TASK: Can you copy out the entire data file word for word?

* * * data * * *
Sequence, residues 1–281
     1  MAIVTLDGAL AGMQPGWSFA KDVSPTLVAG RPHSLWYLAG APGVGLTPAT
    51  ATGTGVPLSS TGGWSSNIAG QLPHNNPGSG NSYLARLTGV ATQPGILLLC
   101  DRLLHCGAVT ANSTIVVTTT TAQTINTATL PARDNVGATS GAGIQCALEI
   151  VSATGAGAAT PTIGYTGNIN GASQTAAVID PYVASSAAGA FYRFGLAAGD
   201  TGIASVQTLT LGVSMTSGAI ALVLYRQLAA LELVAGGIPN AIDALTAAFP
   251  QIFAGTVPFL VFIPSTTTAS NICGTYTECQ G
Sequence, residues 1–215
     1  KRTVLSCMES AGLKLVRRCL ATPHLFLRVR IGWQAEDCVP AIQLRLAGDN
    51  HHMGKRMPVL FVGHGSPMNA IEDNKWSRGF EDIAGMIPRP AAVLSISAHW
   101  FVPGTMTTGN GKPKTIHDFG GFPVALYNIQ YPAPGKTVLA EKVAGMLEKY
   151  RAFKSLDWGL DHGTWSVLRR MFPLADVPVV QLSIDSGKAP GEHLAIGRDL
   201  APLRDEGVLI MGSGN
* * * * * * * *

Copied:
Sequence, residues 1–281
     1  MAIVTLDGAL AGMQPGWSFA KDVSPTLVAG RPHSLWYLAG APGVGLTPAT
    51  ATGTGVPLSS TGGWSSNIAG QLPHNNPGSG NSYLARLTGV ATQPGILLLC
   101  DRLLHCGAVT ANSTIVVTTT TAQTINTATL PARDNVGATS GAGIQCALEI
   151  VSATGAGAAT PTIGYTGNIN GASQTAAVID PYVASSAAGA FYRFGLAAGD
   201  TGIASVQTLT LGVSMTSGAI ALVLYRQLAA LELVAGGIPN AIDALTAAFP
   251  QIFAGTVPFL VFIPSTTTAS NICGTYTECQ G
Sequence, residues 1–215
     1  KRTVLSCMES AGLKLVRRCL ATPHLFLRVR IGWQAEDCVP AIQLRLAGDN
    51  HHMGKRMPVL FVGHGSPMNA IEDNKWSRGF EDIAGMIPRP AAVLSISAHW
   101  FVPGTMTTGN GKPKTIHDFG GFPVALYNIQ YPAPGKTVLA EKVAGMLEKY
   151  RAFKSLDWGL DHGTWSVLRR MFPLADVPVV QLSIDSGKAP GEHLAIGRDL
   201  APLRDEGVLI MGSGN